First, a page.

Violation of the right to fair a trial within a reasonable time before the Constitutional Court of Montenegro

In the case of Siništaj v. Montenegro (application no. 31529/15, 23.09.2021), the European Court of Human Rights found a violation of Article 6 § 1 of the Convention on account of the excessive length of the proceedings before the Constitutional Court.

The case concerned the conviction of the applicant by the High Court in Podgorica of associating with others for the purposes of anticonstitutional activities and preparing actions against the constitutional order and security of Montenegro, and sentenced him to six years’ imprisonment. That judgment was upheld by the Court of Appeal and the Supreme Court on 18 June 2009 and 25 December 2009 respectively. The proceedings involved sixteen other defendants. On 26 March 2010 the applicant and one co-defendant lodged a constitutional appeal, but in the mean, time the judge rapporteur serving at the time, who prepared a draft judgment died and the case was assigned to another judge. On 23 July 2014 the Constitutional Court dismissed the applicant’s constitutional appeal. 

The Court noted that the period to be taken into consideration began on 26 March 2010, when the applicant lodged his constitutional appeal, and ended on 18 December 2014, when the Constitutional Court’s decision was served on his representative. It thus lasted four years, eight months and twenty-two days.

As regards the complexity of the case, the Court can accept that the applicant’s case was somewhat complex on account of the issues that it raised. However, the Court does not consider that these issues were exceptionally complex, or that the impact of the Constitutional Court’s judgment went beyond the individual application.

The Court took due note of the arguments raised by the Government. However, it considers that they cannot sufficiently explain the delay in the proceedings at issue. In particular, the constitutional changes referred to by the Government did not relate to the issues raised by the applicant in his constitutional appeal, but rather to the election, mandate and dismissal of the Constitutional Court judges and its president. In addition, further legislative changes explicitly provided that the judges in office at the time would continue their work until the new judges were elected, thereby ensuring the continuous functioning of the Constitutional Court. Moreover, the applicant’s case was assigned to another judge in August 2013 at the earliest, by which time it had already been pending for three years and four months.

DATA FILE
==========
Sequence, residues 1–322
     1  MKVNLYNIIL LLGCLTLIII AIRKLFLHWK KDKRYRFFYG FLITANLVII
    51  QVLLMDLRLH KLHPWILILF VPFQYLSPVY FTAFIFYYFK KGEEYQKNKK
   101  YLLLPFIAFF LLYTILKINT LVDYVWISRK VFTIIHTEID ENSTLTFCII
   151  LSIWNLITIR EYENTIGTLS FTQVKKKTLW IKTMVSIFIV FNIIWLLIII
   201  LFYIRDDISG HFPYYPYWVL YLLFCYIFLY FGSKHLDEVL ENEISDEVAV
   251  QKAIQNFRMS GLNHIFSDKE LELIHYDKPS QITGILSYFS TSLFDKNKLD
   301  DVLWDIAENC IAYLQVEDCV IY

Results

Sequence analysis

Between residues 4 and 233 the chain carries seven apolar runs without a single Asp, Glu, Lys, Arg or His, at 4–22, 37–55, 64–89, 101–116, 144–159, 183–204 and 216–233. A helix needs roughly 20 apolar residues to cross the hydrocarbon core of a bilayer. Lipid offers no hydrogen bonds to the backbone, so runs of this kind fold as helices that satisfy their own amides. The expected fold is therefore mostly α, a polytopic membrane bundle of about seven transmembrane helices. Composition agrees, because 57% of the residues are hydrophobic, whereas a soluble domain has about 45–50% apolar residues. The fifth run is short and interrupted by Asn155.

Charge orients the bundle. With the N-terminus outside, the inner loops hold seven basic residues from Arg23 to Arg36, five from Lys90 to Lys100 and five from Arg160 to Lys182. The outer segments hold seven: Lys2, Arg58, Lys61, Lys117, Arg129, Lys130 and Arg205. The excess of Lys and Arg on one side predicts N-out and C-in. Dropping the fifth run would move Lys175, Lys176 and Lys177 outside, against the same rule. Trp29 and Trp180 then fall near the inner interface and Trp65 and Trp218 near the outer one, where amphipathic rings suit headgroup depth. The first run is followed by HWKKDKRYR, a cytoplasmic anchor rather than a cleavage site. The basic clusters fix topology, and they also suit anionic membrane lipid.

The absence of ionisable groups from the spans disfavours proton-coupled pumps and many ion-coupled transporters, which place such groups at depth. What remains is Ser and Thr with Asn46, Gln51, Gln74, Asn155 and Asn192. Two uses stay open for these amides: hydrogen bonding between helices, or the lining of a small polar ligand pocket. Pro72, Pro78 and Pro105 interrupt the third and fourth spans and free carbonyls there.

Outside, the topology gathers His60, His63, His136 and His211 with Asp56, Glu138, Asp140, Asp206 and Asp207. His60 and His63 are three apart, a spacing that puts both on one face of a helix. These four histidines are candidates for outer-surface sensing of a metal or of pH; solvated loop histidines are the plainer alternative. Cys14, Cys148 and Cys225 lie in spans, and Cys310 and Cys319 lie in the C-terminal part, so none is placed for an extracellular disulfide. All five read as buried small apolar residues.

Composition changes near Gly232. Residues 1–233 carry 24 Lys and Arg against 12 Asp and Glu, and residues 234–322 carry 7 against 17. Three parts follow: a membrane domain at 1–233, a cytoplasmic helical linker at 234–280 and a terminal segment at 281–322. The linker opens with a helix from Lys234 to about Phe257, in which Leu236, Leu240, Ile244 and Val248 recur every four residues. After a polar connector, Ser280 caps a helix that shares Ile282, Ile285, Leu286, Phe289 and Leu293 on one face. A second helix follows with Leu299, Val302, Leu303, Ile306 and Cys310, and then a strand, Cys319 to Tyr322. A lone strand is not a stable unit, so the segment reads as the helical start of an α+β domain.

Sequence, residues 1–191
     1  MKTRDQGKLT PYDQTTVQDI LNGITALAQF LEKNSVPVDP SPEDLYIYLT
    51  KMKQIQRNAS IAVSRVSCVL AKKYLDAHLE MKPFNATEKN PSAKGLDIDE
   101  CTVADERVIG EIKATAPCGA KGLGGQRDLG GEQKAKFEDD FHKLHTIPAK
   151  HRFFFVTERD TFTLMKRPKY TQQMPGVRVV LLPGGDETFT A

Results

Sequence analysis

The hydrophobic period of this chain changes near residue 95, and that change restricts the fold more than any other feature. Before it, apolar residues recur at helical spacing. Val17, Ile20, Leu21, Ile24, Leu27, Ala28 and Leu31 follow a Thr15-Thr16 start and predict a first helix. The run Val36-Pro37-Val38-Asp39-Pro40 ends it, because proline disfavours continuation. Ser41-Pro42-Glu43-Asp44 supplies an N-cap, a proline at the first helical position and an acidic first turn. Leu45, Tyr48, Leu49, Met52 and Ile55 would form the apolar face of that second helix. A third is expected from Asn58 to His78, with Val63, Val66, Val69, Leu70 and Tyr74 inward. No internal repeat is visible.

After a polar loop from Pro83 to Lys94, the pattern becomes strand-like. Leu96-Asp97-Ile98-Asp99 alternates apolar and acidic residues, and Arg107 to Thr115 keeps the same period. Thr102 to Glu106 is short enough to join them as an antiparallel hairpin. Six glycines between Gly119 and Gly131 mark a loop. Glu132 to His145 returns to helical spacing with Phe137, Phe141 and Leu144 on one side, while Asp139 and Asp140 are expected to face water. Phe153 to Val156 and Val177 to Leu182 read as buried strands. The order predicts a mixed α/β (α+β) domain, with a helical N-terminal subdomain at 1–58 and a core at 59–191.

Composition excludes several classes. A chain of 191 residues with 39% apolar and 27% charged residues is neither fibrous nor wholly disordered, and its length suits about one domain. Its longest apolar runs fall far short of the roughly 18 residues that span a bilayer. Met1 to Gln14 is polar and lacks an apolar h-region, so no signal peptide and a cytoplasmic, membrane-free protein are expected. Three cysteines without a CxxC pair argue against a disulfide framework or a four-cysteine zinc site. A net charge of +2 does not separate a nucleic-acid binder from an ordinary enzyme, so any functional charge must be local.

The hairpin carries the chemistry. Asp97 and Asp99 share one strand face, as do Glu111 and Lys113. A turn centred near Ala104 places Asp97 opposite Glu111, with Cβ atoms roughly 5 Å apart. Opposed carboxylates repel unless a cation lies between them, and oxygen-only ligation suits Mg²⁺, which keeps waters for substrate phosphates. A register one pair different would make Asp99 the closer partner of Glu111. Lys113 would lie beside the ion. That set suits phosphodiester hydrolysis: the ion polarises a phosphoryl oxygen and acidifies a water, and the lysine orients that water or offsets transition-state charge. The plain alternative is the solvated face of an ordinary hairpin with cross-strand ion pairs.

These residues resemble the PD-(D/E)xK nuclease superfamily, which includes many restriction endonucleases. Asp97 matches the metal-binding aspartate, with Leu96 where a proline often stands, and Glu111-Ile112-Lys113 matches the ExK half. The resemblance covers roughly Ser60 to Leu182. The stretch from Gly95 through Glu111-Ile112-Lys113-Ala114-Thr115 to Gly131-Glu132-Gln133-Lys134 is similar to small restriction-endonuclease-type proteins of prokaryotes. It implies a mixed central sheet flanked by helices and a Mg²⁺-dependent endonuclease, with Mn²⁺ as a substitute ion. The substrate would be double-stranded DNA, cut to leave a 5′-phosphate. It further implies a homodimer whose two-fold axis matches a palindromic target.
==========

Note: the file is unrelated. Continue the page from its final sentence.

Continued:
With regard to the conduct of the applicant, the Court observes that the Government did not submit that he had contributed to the length of the Constitutional Court proceedings in any way. The Court has no reason to hold otherwise. As regards what was at stake for the applicant, this concerned, inter alia, his right to a defence in the criminal proceedings and, ultimately, his conviction for serious criminal offences. Had the Constitutional Court ruled in his favour, it would have quashed the final decision given in the criminal proceedings and would have ordered that the case be re-examined.

Although the Court accepts that its role as guardian of the Constitution sometimes makes it particularly necessary for a constitutional court to take into account considerations other than the mere chronological order in which cases are entered on the list, such as the nature of a case and its importance in political and social terms, the Court finds that a period exceeding four years and three months to decide on a case such as the applicant’s, and in particular in view of what was at stake for him, was excessive and failed to meet the “reasonable time” requirement.

References from the official website of the European Court of Human Rights